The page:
This is not popular to say — which is why politicians from both parties avoid saying it — but it is factually undeniable: Wealthy Americans are actually carrying the rest of us when it comes to income taxes. They pay so much more than they get from the federal government, it’s almost embarrassing. In a rational conversation not laden with emotions and envy, we would actually be thanking them.

The New York Observer sums up the numbers, a.k.a. facts, this way:

“The latest federal income tax data reported by the IRS shows that the top 1 percent of income earners pay 39.5 percent of all federal income taxes, nearly twice the 20.6 percent share of national income they earn. The entire bottom 50 percent of all taxpayers pay 2.7 percent of federal income taxes, which is only a small fraction (about one fourth) of their share of national income.

“The top 1 percent, indeed, pay a much bigger share of federal income taxes than the entire bottom 90 percent of income earners, who pay only 29.1 percent of federal income taxes, while earning 53 percent of national income. That means as well that the top 1 percent pay a bigger share of income taxes than the entire middle class combined, defined as the middle 20 percent of income earners.”

That’s why the Democrats’ charges of tax cuts for the rich, and the media coverage is just so lame. One unfortunately expects politicians to be dishonest. It’s just a shame the media is also by not reporting the context of “tax cuts for the rich.”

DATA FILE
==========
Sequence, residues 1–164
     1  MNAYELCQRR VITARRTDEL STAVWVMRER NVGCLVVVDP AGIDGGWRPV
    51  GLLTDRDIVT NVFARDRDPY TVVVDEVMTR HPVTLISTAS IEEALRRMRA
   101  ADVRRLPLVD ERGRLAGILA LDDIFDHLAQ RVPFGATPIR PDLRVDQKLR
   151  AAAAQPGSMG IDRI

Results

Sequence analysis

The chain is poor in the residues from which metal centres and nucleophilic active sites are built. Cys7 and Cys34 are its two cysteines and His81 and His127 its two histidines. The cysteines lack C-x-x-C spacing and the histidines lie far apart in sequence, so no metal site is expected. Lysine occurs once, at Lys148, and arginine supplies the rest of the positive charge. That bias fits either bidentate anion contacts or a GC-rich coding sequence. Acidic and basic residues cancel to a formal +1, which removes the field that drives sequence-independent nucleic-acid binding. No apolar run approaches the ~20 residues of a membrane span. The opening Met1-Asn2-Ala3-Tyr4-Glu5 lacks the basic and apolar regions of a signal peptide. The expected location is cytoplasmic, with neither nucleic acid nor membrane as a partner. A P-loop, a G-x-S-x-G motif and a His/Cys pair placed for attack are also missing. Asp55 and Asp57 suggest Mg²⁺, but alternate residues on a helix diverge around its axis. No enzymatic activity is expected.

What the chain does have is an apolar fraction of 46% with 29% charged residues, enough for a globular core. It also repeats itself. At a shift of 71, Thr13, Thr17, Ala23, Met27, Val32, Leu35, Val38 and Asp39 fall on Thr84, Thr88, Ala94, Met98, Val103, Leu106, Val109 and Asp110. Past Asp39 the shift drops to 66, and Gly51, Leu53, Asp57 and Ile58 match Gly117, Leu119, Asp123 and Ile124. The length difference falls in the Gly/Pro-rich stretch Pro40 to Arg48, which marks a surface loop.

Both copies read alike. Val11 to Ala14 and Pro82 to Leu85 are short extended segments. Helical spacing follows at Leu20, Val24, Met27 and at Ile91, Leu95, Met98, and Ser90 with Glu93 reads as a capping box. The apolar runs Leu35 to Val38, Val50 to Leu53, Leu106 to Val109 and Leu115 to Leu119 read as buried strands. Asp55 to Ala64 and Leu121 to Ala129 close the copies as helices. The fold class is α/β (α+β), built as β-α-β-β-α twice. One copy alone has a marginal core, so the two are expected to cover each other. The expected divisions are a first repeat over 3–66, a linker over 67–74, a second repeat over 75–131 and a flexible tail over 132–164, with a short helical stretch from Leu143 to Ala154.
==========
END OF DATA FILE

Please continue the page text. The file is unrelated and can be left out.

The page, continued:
This chart from the American Enterprise Institute puts it visually, explaining the net amount of taxes each 20 percent (quintile) of tax-paying households pay after taking out what they receive from the federal government in direct benefits. The bottom 60 percent of American taxpayers receive more than they pay in taxes, meaning only the top 40 percent even pay net taxes. And most of that top 40% is paid by those at the high end.

Suffice to say that the squawking from the left on tax cuts for the rich is because it is only the rich who are net income taxpayers to the federal government. You can’t give tax breaks to people who are not paying taxes.

But resentment and envy are emotions not easily remedied by facts, and so this trudges on.


The problem is spending other people’s money

An intrinsic risk at every level of government is that politicians spend taxpayer money to essentially buy voter support. This risk is magnified as government grows and expands both its authority and its responsibilities. When that magnification happens with the government overseeing by far the largest economy on the planet, we have a problem. And when that is happening in a dynamic of diminished personal moralities, greatly diminished Christian influence and epically bad leadership — we’re headed for disaster.

This concept was well understood by a wise, older Tennessee farmer with “incorruptible integrity” who upbraided then-Congressman Davy Crockett for voting to give public money to help victims of a natural catastrophe. The farmer made the point that regardless of the merits of helping the people — which he believed Congressmen should do personally — it was wrong for Congress to do. There was no (and still is no) Constitutional authority for charitable giving by the federal government. Crockett was so convinced by the farmer that he regretted his vote and promised never to do it again. Here is the invaluable original story from 1867.